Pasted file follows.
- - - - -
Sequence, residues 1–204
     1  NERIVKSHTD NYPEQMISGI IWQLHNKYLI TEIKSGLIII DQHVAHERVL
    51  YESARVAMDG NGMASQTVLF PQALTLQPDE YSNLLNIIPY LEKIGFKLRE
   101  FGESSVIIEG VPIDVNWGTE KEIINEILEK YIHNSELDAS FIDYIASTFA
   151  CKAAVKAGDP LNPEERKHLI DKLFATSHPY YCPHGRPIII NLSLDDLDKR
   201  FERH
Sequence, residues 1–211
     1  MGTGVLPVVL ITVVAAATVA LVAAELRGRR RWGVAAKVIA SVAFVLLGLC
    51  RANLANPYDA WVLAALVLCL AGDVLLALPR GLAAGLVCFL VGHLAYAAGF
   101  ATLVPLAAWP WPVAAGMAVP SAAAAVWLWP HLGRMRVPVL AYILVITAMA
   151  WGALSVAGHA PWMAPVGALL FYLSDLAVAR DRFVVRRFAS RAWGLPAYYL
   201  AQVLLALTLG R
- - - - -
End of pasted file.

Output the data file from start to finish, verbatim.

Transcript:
Sequence, residues 1–204
     1  NERIVKSHTD NYPEQMISGI IWQLHNKYLI TEIKSGLIII DQHVAHERVL
    51  YESARVAMDG NGMASQTVLF PQALTLQPDE YSNLLNIIPY LEKIGFKLRE
   101  FGESSVIIEG VPIDVNWGTE KEIINEILEK YIHNSELDAS FIDYIASTFA
   151  CKAAVKAGDP LNPEERKHLI DKLFATSHPY YCPHGRPIII NLSLDDLDKR
   201  FERH
Sequence, residues 1–211
     1  MGTGVLPVVL ITVVAAATVA LVAAELRGRR RWGVAAKVIA SVAFVLLGLC
    51  RANLANPYDA WVLAALVLCL AGDVLLALPR GLAAGLVCFL VGHLAYAAGF
   101  ATLVPLAAWP WPVAAGMAVP SAAAAVWLWP HLGRMRVPVL AYILVITAMA
   151  WGALSVAGHA PWMAPVGALL FYLSDLAVAR DRFVVRRFAS RAWGLPAYYL
   201  AQVLLALTLG R